Selling products online began in 1994 and has proven to be a fantastic way for businesses to reach more customers and customers to reach more products. As online sales platforms have increased in sophistication, the practice has become secure, easy-to-use and reliable. These days there are thousands upon thousands of people selling products online, from large multinational corporations, to sole traders, and their customers come from all over the world.
What sort of things are sold online?
Certain businesses lend themselves to online selling, whereas others might be more trouble than they are worth. If you make or distribute niche products for a particular hobby, you might be a prime candidate for an online store. These sorts of products are often hard to find – especially if a lot of demand is coming from people outside major cities who have less choice in their shopping already. Trying to sell something oversized or very expensive from a new online store is likely to be much more difficult, especially if they are items sold commonly in-store, and anything fragile or perishable is not advised.
Selling online is more typically for products than for services, but many service businesses have begun to find innovative ways to harness the internet to drive sales. One of the most high-profile examples is Uber, who utilise sophisticated GPS technology and a very well-structured business to offer thousands of lifts a day for a fraction of the cost of a taxi. While the development costs of such a system would be significant, businesses like Uber have fully integrated their online and offline practices, leveraging their technological advantages and innovative business models to out-compete the existing services.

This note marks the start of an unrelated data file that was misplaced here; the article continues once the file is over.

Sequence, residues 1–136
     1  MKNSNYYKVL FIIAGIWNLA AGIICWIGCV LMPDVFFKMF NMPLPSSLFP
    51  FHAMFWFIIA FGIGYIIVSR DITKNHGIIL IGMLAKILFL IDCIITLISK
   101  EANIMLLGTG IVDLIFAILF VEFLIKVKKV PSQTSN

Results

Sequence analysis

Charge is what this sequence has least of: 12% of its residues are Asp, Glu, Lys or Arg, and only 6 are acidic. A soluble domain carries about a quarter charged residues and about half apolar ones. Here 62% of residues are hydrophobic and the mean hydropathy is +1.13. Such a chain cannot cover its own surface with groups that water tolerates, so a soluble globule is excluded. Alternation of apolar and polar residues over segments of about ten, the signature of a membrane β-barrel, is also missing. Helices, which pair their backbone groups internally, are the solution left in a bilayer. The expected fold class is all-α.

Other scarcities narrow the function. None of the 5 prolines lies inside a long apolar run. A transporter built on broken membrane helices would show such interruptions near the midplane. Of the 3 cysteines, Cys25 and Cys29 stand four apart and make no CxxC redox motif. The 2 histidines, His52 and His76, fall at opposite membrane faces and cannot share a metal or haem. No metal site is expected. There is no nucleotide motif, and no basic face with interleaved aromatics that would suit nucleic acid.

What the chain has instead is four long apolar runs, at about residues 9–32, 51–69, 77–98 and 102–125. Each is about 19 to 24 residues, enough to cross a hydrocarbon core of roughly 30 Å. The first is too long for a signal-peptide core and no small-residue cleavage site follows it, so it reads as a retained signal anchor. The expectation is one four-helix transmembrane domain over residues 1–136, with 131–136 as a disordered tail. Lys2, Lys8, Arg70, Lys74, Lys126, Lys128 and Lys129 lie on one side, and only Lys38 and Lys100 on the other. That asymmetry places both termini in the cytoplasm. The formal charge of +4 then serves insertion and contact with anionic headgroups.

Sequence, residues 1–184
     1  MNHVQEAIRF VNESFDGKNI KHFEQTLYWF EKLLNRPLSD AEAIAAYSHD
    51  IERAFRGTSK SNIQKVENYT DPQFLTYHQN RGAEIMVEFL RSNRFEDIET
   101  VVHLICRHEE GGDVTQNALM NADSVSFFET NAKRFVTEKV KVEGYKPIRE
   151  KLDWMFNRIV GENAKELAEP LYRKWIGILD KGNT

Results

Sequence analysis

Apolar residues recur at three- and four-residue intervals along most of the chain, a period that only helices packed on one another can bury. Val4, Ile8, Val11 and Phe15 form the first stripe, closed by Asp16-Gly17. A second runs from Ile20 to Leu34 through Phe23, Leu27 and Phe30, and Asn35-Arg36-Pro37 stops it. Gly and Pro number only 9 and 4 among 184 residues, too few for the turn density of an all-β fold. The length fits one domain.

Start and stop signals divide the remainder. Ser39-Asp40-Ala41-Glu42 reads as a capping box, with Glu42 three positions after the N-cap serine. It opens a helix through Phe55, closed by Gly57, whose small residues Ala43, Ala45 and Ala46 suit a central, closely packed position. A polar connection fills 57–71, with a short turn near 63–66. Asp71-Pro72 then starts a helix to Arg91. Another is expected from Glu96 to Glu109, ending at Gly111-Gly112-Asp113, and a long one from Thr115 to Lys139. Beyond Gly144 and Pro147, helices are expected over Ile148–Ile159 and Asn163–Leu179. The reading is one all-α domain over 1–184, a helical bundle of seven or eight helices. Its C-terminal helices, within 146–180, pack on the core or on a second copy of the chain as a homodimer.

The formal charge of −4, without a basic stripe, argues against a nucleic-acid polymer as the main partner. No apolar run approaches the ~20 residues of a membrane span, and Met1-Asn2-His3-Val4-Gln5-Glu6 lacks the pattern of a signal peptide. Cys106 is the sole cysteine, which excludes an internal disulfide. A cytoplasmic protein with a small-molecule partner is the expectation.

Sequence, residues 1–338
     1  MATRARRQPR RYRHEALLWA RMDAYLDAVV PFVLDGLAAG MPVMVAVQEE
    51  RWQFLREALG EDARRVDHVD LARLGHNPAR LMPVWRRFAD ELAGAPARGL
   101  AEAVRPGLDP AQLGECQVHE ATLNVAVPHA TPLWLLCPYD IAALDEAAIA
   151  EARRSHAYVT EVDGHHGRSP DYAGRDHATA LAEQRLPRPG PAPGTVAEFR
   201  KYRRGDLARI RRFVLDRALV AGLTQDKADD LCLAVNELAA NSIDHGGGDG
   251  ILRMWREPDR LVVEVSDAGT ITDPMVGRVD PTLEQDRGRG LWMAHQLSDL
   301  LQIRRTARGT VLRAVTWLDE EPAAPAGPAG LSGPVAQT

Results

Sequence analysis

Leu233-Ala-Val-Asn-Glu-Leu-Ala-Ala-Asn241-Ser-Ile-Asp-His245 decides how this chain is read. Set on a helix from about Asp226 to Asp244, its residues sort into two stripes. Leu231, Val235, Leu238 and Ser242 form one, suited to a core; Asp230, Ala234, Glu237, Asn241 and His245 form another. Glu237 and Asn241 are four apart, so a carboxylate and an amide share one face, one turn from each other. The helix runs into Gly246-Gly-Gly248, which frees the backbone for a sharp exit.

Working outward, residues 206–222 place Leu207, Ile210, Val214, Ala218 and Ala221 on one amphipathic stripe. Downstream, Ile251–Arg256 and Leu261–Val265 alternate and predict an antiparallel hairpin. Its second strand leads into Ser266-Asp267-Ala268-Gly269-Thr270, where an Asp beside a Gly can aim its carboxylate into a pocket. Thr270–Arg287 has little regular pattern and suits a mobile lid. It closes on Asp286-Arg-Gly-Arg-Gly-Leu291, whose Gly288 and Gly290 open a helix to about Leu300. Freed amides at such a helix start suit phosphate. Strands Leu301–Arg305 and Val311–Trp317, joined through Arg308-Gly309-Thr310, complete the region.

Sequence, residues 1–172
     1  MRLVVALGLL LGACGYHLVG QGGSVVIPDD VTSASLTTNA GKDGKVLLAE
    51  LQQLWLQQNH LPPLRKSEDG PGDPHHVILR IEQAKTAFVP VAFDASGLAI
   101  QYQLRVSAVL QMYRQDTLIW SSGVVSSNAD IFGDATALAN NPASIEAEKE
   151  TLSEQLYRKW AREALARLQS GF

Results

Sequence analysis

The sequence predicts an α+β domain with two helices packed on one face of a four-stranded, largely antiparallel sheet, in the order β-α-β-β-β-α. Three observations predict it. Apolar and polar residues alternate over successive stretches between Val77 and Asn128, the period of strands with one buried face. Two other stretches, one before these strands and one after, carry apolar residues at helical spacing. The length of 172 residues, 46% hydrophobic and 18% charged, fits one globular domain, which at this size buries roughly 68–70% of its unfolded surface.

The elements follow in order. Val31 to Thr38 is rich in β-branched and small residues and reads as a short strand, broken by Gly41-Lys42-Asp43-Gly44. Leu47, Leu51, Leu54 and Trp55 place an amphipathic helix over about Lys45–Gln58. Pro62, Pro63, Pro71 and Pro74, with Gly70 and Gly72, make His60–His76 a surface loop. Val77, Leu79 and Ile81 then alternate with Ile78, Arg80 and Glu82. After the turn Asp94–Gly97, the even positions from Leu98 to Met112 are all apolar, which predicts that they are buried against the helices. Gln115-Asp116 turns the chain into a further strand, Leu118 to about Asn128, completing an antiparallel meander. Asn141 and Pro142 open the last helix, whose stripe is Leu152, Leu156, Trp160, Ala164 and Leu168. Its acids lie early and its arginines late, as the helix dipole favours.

How does selling online work?
Selling online is done through eCommerce systems, which allow people to select products and pay for them securely. Some websites allow many users to sign up and utilise their eCommerce platform – like eBay, which acts as an online auction where users can set up shops and buy and sell with each other. Other websites offer ready-made, easy-to-use eCommerce stores that you can install on your own domain or website, allowing you to harness the power of online selling for your business.
More sophisticated professional eCommerce products are also available, and can integrate with warehousing software, Customer Relationship Management (CRM) software, accounting software, MySQL databases, and so much more. The result can be nearly limitless automation of your sales and distribution process – the client browses the store and purchases a product, causing the secure system to bill their chosen payment method and generate a receipt for them, which is automatically added to the business' records for reporting purposes. Simultaneously, the same purchase triggers an order, which is sent to the warehouse (some of which are also equipped with automated conveyor belts and inventory databases, so they require no manual handling) for dispatch, and information of the purchase is stored in the CRM with the client's details, to be referred to if there is any issue. Finally, details about the sale itself – such as the time, the type of product, the profit made, and so on – could be pushed into a database for data analysis. A package can arrive at your customer's door without anyone but the postman even looking at it, let alone touching it.